Following an industry-wide investigation of mutual fund disclosures and fees, New York State’s Attorney General reached agreement with several large mutual fund firms to make information relating to their actively managed equity funds readily accessible and is calling on others to follow suit.
According to Attorney General Eric Schneiderman, this will help investors evaluate one or more actively managed fund investments and whether a fund’s portfolio selection process has created an opportunity for that mutual fund to outperform its index, as well as assessing whether a fund’s fees are acceptable.
The investigation by the AG’s Investor Protection Bureau involved reviewing fees and disclosures for more than 2,000 mutual funds to discern whether fees charged by actively managed equity funds correspond to the funds’ degree of active management, as reflected by their active share, which measures the degree of overlap between the holdings in a fund and the holdings in the fund’s benchmark index.
According to the resulting report, “Mutual Fund Fees and Active Share,” fees on an investment in an actively managed fund on average cost an investor nearly 4.5 times more per year than fees on an investment in a passive fund, yet these higher fees “do not necessarily reflect a higher level of active management.”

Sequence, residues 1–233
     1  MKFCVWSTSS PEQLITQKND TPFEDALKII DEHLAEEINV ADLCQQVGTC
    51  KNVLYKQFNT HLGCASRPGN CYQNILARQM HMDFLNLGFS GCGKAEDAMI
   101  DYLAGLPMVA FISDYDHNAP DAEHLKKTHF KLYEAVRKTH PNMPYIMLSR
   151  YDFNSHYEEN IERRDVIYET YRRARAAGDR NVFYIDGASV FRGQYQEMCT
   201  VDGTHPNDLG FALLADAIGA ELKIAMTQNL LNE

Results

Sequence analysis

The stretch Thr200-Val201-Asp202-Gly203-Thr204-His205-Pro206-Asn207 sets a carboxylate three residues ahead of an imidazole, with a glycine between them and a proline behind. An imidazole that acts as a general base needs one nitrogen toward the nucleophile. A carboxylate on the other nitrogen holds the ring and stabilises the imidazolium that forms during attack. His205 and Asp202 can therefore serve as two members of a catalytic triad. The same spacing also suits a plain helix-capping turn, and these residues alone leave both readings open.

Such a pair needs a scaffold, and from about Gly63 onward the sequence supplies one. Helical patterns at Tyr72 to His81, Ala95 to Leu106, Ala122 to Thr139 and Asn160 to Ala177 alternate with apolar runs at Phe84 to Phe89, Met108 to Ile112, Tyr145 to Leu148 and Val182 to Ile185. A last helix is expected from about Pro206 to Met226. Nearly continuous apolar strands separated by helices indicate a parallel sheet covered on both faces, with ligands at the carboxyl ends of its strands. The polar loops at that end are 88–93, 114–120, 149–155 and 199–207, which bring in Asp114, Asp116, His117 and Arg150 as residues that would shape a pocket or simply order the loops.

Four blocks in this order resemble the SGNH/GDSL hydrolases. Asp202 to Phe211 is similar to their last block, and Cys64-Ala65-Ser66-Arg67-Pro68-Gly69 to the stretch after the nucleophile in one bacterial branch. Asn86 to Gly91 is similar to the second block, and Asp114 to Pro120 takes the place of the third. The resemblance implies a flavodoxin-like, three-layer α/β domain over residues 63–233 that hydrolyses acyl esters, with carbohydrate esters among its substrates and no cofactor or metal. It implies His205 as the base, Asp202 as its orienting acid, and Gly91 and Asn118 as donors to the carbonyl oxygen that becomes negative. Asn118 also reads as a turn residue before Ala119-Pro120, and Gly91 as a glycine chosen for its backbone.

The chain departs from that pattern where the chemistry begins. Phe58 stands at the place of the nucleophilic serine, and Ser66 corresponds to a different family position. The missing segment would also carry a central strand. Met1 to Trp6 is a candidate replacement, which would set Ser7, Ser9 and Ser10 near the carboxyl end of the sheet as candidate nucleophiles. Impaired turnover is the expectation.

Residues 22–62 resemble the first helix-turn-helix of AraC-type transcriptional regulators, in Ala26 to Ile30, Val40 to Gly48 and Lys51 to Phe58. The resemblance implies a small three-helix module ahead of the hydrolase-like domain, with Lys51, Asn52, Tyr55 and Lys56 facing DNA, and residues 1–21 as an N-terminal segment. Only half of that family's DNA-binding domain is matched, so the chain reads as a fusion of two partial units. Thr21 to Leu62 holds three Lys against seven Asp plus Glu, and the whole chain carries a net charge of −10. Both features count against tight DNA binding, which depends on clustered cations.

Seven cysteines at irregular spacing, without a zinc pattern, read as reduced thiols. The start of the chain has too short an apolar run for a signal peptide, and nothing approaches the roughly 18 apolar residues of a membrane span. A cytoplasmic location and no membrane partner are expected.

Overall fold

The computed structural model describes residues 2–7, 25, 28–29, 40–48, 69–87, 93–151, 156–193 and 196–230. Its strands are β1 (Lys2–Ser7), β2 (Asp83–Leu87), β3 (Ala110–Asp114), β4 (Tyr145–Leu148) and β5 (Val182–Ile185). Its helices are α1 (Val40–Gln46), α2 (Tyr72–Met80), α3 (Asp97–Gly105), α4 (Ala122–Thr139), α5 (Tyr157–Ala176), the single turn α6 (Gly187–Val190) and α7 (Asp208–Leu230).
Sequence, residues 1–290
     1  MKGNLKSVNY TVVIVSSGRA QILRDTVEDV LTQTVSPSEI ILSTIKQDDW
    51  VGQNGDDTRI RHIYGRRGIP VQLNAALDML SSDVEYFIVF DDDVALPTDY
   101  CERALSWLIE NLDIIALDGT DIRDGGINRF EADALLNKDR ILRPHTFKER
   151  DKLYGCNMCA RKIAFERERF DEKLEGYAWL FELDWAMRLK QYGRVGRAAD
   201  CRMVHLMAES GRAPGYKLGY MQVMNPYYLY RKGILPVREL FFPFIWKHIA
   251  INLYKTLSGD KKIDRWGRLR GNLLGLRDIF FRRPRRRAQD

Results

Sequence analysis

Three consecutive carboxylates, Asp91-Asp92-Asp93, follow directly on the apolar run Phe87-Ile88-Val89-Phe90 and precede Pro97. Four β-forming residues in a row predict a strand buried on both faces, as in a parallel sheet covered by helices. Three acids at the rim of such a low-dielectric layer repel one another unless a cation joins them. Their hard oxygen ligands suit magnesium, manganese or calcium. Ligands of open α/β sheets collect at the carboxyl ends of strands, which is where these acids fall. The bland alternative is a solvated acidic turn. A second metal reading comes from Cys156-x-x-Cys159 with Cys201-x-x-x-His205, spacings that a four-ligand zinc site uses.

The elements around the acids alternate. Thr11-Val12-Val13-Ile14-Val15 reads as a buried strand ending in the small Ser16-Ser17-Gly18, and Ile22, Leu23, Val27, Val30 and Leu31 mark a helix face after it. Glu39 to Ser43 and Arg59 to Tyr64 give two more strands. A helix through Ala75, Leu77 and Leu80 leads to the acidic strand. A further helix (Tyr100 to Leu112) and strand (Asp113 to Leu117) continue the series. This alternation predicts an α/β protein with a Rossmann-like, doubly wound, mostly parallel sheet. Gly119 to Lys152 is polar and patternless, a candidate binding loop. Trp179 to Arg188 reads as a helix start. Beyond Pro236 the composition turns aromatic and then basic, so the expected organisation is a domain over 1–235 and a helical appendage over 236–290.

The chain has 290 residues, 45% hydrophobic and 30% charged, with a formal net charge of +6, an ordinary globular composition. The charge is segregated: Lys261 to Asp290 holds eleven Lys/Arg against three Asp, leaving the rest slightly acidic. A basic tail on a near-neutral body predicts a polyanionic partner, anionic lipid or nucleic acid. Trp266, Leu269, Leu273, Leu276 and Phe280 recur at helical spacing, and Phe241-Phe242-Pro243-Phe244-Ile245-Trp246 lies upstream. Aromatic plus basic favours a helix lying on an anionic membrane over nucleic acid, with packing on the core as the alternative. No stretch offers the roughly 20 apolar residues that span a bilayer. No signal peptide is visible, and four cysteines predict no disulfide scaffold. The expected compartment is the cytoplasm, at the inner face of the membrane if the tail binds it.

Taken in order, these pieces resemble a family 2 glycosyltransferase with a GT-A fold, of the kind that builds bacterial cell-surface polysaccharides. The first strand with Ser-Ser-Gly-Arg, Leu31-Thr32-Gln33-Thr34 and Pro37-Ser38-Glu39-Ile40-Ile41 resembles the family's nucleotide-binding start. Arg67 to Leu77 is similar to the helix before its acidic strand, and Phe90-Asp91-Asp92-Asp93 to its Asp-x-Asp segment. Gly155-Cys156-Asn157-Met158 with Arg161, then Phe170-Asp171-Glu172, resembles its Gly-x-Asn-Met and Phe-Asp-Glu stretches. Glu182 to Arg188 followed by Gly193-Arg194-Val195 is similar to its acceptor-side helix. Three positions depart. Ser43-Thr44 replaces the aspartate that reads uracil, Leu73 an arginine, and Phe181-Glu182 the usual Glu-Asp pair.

As a result, the report emphasizes that investors should not assume that a high fee, or expense ratio, for a mutual fund means that the fund will have a high active share. It notes that funds with average expense ratios of 0.55% to 1.75% were found to have a broad range of average active share, ranging from 60% to 100%, suggesting that there may be a limited relationship between fees and active share.
The report further contends, among other things, that many mutual fund firms gave unequal access to information about actively managed funds to institutional and professional investors, while excluding retail investors.
As part of this effort, Attorney General Schneiderman announced that 13 large mutual fund firms have agreed to voluntarily publish information about their mutual funds to all retail investors affecting 400 actively managed mutual funds. Under the agreement, the firms will disclose active share information showing the percentage of stock holdings in a fund’s portfolio that differs from that fund’s benchmark index.
“These new disclosures will give Main Street investors access to critical information before making investment decisions for themselves and their families,” Schneiderman said in a statement. “By working with us to help level the playing field for all investors, these firms are taking an important step forward. I encourage all mutual fund firms to follow suit.”
The report notes that Fidelity Management & Research Company was already publishing active share for its relevant funds. The additional 13 firms that agreed to publish active share information, with most agreeing to do so by spring 2018, include:
The Dreyfus Corporation
The Capital Group Companies
Columbia Management Investment Advisors
Goldman Sachs Asset Management
JP Morgan Chase & Co.
T. Rowe Price
USAA Asset Management Company